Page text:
While many middle-schoolers begin separating themselves from their parents, Caroline has actually opened up to us even more.  She loves sharing stories and news from school, discussing the latest book she has read, and expressing her opinions. Okay, so maybe that last part isn’t exactly new.  We’re already entering the phase of teen drama, as a sweet boy asked her to dance at their 6th grade party, and Caroline went to hide in the girls’ bathroom!  She didn’t want anyone to think they were boyfriend/girlfriend. Ha! Then a few weeks later, he had a friend ask her if she would “go with him.”  Isn’t it humorous (and sometimes painful too) to recall those awkward middle school days of crushes, unrequited love, and dismay at being pursued when you don’t want to be? LOL

    Finally, Caroline recently reconnected with a girl from her orphanage who was adopted three years ago. The girl lives in Indiana and plays the flute as well! They have been cute emailing back and forth and skyping. One night, they even played the same song on the flute simultaneously via skype. They’re already planning trips to visit each other. What a unique and special bond to have experienced life in China together as orphans and then to have both been adopted by American families.


    In the last few months, Carter seems to have matured considerably. I so enjoy our little conversations. He loves to have me read to him, his favorite books being chapter books. And thankfully, he has NOT outgrown cuddling. In fact, he seems to like sitting in my lap or snuggling more than ever before.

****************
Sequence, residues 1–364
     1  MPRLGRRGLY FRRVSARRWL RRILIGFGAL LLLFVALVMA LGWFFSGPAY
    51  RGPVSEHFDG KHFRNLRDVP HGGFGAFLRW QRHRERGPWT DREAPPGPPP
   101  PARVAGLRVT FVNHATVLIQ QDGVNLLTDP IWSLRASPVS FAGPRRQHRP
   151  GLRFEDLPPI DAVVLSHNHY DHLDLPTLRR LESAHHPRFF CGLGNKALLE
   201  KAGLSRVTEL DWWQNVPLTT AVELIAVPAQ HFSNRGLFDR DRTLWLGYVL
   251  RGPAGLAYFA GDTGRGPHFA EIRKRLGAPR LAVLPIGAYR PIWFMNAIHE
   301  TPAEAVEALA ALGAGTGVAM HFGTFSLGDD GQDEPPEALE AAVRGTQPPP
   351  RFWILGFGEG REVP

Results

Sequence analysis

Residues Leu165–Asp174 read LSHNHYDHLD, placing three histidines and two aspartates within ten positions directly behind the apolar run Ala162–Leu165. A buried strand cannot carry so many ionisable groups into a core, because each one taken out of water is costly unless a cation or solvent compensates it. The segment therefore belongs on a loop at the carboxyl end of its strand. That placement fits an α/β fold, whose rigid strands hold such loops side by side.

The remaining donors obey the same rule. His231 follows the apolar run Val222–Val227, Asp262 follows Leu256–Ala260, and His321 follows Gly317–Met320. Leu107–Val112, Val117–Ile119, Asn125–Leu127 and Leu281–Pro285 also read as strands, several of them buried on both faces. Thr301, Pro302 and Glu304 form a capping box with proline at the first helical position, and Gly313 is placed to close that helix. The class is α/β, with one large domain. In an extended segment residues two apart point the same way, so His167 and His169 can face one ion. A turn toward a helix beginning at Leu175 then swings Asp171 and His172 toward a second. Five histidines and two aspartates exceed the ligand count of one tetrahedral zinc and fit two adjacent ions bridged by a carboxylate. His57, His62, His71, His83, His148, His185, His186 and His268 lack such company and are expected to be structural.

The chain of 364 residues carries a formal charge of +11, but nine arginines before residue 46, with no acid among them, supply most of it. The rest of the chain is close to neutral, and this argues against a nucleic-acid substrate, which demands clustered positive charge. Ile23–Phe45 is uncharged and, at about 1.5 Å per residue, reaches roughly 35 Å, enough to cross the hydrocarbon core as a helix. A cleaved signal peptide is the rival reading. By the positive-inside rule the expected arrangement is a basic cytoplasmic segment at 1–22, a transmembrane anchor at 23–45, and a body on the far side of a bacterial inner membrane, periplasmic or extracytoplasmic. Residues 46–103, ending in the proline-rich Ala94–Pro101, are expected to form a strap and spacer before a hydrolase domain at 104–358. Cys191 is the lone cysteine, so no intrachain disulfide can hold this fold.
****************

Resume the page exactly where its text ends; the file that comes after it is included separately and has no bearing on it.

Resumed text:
At school, Carter has learned to write his name. I know almost every person accomplishes this at some point, but it is truly incredible when you’ve witnessed a child develop from a helpless infant to a kid who can speak, articulate ideas, and write letters.

    Both he and Grace are playing soccer this fall, and he’s scored several goals (despite the fact that he’s stolen the ball from his teammate a couple of times.) He’s still learning the rules of the game. 🙂 Star Wars continues to be a major interest, and I love catching him when he’s acting out battle scenes. This morning, I heard him say, “Don’t forget your training!”

    Of all our kids, Carter currently has the best understanding of God and Jesus.  His questions are deep, his prayers are genuine, and he claims he’s loving God more everyday… because as he recently stated to Grace, “God does everything for us.” Two of my favorite conversations lately….

    Carter: “Mom, Grace was being really mean outside. So I prayed that Jesus would help me so I wouldn’t hit her.”

    I had a hard time not laughing but was also so proud that he is understanding the many ways that Jesus can help and empower us.

    Carter (emerging from my bedroom): “Mom, I was in your room praying several times.”

    Me: “Well what were you praying about?”

    Carter: “I prayed that God would help me behave.” (then giggling) “I also prayed for something that I know God won’t do. I prayed that He would give me $5,000…tomorrow!”

    Well at least he knows God doesn’t answer those types of “gimme” prayers! 🙂


    My sassy princess has been going through a tough time.  She never really had the terrible 2’s, so I suppose the 3’s are her time to test boundaries.  She’s rebellious, mischevious, disobedient, loud, and very needy.  She’s dealing with the normal emotions of having a new sibling. She also continues to process through her roots and background. Here’s the conversation we had this past week: